Photo/IllutrationA photograph taken from an Asahi Shimbun helicopter shows the No. 7, right, No. 6, center, and No. 5 reactors of Tokyo Electric Power Co.’s Kashiwazaki-Kariwa nuclear plant in Niigata Prefecture. (Asahi Shimbun file photo)

The Nuclear Regulation Authority on Oct. 18 decided to require utilities to install an emergency circular cooling water system to prevent containment vessels of boiling-water reactors from bursting in accidents in which nuclear fuel has melted.

This requirement will lead to increased safety costs and could force some nuclear plant operators into deciding to decommission their reactors.

It may also prolong the NRA’s screening process of reactors that utilities are seeking to bring back online.

In addition, the NRA will require utilities employing pressurized-water reactors in their nuclear plants, which are receiving permission to restart ahead of ones utilizing boiling-water reactors, to install filtered equipment for vents that could lower the pressure if the size of their containment vessels are small.

Pressurized-water reactors are considered more resistant to critical accidents because they have larger containment vessels compared with ones for boiling-water reactors, which are of the same type used at the crippled Fukushima No. 1 nuclear power plant.

Smaller containment vessels may aggravate the situation in the event of a nuclear accident. The authority will revise the new regulation that was put in place in 2013.

The new circular cooling water system was proposed by Tokyo Electric Power Co., operator of the Fukushima No. 1 plant, during the screening process toward the restart of its Kashiwazaki-Kariwa nuclear plant in Niigata Prefecture.

The system would draw water from the bottom of the containment vessel if the water is heated due to melted fuel.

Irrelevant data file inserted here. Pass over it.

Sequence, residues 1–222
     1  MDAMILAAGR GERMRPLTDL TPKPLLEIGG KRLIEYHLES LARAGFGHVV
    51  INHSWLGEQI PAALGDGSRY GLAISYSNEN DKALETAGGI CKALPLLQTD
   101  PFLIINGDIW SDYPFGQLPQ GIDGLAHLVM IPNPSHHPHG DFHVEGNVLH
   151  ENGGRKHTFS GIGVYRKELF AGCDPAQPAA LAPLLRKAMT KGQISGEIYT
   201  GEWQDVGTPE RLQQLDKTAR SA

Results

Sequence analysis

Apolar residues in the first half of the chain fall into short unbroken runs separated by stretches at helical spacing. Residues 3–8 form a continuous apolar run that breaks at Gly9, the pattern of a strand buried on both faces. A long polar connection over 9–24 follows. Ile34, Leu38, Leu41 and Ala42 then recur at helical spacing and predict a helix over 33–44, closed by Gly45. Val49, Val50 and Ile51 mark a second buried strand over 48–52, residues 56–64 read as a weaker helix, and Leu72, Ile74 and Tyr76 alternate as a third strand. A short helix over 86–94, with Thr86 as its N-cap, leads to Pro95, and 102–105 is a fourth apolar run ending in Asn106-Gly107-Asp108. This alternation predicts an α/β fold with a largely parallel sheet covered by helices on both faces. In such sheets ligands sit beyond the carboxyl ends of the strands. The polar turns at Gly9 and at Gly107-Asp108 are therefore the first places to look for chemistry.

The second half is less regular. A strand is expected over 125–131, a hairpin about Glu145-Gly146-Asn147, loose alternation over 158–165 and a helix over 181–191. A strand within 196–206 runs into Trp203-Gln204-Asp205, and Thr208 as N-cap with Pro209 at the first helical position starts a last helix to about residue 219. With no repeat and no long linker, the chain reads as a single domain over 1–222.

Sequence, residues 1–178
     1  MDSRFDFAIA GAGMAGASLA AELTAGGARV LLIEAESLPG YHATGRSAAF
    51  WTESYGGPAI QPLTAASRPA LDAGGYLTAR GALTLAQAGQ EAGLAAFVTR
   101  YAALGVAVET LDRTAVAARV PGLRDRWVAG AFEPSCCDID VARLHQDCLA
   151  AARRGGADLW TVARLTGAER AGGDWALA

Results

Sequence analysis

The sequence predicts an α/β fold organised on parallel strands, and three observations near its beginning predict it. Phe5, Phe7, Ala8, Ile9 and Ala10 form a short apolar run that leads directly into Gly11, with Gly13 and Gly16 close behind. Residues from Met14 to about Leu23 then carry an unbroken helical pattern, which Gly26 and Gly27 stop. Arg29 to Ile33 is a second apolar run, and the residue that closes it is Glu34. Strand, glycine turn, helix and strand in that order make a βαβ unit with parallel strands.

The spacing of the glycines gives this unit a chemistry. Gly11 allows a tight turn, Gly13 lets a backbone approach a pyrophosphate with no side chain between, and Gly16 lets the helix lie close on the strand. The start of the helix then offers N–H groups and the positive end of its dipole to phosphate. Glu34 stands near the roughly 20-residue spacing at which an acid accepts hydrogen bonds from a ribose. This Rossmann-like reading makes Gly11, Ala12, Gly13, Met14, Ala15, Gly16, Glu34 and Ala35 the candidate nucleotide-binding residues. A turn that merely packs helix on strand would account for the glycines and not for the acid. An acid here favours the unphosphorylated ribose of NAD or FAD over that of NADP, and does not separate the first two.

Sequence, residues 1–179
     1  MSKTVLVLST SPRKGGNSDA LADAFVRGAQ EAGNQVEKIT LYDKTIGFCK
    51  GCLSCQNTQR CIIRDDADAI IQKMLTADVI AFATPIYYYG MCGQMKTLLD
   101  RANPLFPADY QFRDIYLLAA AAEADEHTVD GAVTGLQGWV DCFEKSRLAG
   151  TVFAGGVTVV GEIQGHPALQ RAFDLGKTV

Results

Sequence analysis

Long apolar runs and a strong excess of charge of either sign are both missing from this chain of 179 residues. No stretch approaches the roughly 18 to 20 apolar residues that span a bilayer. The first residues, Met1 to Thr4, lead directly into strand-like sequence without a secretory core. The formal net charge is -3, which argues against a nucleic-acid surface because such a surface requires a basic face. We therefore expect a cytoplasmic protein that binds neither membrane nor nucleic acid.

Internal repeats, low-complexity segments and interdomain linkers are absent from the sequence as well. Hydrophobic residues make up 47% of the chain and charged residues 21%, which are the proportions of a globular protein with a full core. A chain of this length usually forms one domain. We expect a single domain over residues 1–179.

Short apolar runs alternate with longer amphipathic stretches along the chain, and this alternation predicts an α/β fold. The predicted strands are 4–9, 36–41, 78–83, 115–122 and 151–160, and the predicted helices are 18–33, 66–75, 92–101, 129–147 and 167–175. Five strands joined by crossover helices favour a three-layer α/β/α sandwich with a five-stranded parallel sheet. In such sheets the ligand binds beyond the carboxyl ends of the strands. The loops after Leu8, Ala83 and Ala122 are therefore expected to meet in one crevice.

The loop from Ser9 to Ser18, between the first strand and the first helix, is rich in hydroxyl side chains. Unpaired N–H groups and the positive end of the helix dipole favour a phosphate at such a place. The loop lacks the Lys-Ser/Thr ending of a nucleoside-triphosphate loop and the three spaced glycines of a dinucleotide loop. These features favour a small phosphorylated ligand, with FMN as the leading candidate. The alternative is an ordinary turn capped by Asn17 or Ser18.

After the water is cooled in the outside cooling equipment, it will be returned to the containment vessel to again cool the nuclear fuel.

With this new system, utilities can avoid filtered vents that would release vapor containing radioactive substances into the atmosphere.

The NRA also will require other nuclear power plants to install the circular cooling water system including Tohoku Electric Power Co.’s Onagawa nuclear power plant in Miyagi Prefecture; Chubu Electric Power Co.’s Hamaoka nuclear power plant in Shizuoka Prefecture; and Chugoku Electric Power Co.’s Shimane plant in Shimane Prefecture.

Japan Atomic Power Co. decided to introduce the system to its Tokai No. 2 plant in Ibaraki Prefecture during an Oct. 17 screening meeting.

Concerning countermeasures to prevent the rupturing of containment vessels, the NRA decided to allow some pressurized-water reactors such as the No. 1 and No. 2 reactors at Kansai Electric Power Co.'s Oi nuclear power plant in Fukui Prefecture to install filtered equipment for vents.

Those reactors are more at risk of a containment vessel rupture because the size of their containment vessels is only half the size of conventional containment vessels, which would likely mean an increase of internal pressure during an accident.